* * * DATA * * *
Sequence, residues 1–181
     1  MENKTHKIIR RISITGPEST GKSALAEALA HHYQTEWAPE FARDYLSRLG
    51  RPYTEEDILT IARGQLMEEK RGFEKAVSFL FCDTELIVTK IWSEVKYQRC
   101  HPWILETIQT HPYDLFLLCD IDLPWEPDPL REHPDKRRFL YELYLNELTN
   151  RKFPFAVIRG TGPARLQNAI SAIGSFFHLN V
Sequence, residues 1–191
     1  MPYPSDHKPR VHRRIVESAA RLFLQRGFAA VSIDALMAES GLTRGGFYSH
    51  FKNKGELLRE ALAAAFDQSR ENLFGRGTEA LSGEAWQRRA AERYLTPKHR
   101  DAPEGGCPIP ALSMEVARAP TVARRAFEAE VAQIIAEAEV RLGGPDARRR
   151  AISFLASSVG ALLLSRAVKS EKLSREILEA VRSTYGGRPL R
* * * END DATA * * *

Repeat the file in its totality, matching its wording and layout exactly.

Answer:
Sequence, residues 1–181
     1  MENKTHKIIR RISITGPEST GKSALAEALA HHYQTEWAPE FARDYLSRLG
    51  RPYTEEDILT IARGQLMEEK RGFEKAVSFL FCDTELIVTK IWSEVKYQRC
   101  HPWILETIQT HPYDLFLLCD IDLPWEPDPL REHPDKRRFL YELYLNELTN
   151  RKFPFAVIRG TGPARLQNAI SAIGSFFHLN V
Sequence, residues 1–191
     1  MPYPSDHKPR VHRRIVESAA RLFLQRGFAA VSIDALMAES GLTRGGFYSH
    51  FKNKGELLRE ALAAAFDQSR ENLFGRGTEA LSGEAWQRRA AERYLTPKHR
   101  DAPEGGCPIP ALSMEVARAP TVARRAFEAE VAQIIAEAEV RLGGPDARRR
   151  AISFLASSVG ALLLSRAVKS EKLSREILEA VRSTYGGRPL R